Consequently the same old problems we’ve known about for donkeys’ years continue to blight the South East. The Plan says: ‘Resilience is relatively poor on the Brighton Main Line – almost every passenger rail service passes through a single bottleneck at East Croydon’ whilst it goes on to tell us what we’ve also known for decades: ‘Spare capacity is limited on the Brighton Main Line and the allocation of this capacity does not meet the needs and/or aspirations of all the area’s stakeholders.’

Another TfSE’s conclusion worthy of mention is: ‘Connectivity is relatively poor for communities served by the Arun Valley Line, East Coastway Line, and Oxted Line (especially when compared to the Brighton Main Line)’. If our friends in France should ever read this, then it will engender little sympathy from Antoine Hurel and Olivier Brousse, former directors of Connex UK Ltd, who indentified the solution way back in 2000. They proposed introducing the ‘Wealden Main Line’ and upgrading the Arun Valley Line in their ‘20:20 VISION’ franchise bid because they knew exactly the problem with the Brighton Line. Twenty-three years on we’re still stuck in this mire –“Quelle surprise mes amis.....”

However, no surprise is encountered when we discover in TfSE’s Thematic Plan: ‘there are gaps in the rail network (e.g. Uckfield–Lewes)’ – so who was responsible for that? Whilst the culprits have never come clean, we at least draw encouragement in having TfSE recognising the immense importance of reinstating the Uckfield branch to its former main line status. One facet of this is the Plan’s proposal of instigating a ‘2 trains per hour service for Lewes–Uckfield–Tunbridge Wells line stations to London.’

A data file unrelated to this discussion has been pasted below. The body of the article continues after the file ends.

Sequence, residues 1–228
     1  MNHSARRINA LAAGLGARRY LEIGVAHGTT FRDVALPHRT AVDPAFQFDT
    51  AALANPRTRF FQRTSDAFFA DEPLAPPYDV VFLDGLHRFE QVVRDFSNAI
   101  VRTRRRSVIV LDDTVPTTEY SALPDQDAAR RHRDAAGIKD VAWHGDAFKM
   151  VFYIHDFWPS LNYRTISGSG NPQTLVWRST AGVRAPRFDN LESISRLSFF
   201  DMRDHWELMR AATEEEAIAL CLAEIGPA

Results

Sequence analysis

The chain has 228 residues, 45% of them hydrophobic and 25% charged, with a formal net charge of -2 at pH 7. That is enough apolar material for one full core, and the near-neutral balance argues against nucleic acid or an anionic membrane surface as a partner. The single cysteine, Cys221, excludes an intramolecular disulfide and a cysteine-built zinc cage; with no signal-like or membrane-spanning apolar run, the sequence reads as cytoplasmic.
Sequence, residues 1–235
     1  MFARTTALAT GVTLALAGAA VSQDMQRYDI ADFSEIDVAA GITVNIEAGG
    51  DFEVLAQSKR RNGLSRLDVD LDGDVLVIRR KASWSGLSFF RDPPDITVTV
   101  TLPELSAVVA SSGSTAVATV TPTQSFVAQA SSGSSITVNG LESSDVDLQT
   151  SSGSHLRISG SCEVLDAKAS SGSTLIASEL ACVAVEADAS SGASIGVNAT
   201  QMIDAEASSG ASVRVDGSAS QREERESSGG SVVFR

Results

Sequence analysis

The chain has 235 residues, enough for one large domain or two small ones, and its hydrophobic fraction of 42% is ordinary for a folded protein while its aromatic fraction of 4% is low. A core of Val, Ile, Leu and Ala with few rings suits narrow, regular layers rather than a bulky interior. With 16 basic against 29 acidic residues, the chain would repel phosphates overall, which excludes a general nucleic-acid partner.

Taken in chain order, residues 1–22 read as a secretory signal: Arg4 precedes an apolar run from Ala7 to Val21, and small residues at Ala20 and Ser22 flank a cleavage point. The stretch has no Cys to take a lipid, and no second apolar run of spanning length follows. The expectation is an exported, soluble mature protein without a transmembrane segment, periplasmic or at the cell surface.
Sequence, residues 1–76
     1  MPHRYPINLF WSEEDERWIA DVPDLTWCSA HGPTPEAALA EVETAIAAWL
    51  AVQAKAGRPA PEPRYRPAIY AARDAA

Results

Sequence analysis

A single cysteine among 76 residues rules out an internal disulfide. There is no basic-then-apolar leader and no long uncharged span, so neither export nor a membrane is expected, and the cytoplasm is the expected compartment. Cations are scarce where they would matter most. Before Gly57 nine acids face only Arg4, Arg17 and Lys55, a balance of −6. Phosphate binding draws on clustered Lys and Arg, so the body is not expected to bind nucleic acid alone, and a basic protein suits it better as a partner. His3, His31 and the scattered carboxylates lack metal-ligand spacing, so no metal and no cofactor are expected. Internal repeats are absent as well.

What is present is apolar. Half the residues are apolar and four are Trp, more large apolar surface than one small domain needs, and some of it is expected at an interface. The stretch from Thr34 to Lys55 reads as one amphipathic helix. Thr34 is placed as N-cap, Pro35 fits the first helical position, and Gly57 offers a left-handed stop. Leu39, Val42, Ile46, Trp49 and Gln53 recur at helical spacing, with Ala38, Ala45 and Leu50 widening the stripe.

These laudable rail objectives do, however, need to be put into context alongside an astonishingly plethoric roads programme. The appetite for endless road building remains as strong as ever and it’s worth citing one pertinent example: the A22 Uckfield bypass. This sounds harmless enough as ‘improvements to the Uckfield bypass to reduce the amount of traffic diverting through the town’. Really.....? We doubt very much whether there is any evidence of this and it just sounds like a very tenuous excuse to comfortably sustain local authority highway planners and road-builders in business. The Plan drafted by the consultants for TfSE also shows that converting the bypass to a dual carriageway enjoys precedence over the Lewes–Uckfield railway in its timeframe slot. The dualling is ‘short term: 3–5 years’ whereas the reinstatement of the railway is ‘medium term: 10–15 years.’

If we are truly facing a climate crisis and need to change how we get around then we suggest our priorities really do need both urgent and stringent reappraisal. For TfSE to have any credibility it needs a serious and fundamental rethink – as do our councils, our Members of Parliament and civil servants in the Department for Transport. Reparations are long overdue for the enormous damage inflicted upon Sussex’s economy, its environment and today’s generations which continue to emanate from the injudicious actions of the 1960s.

Time is running out mes amis......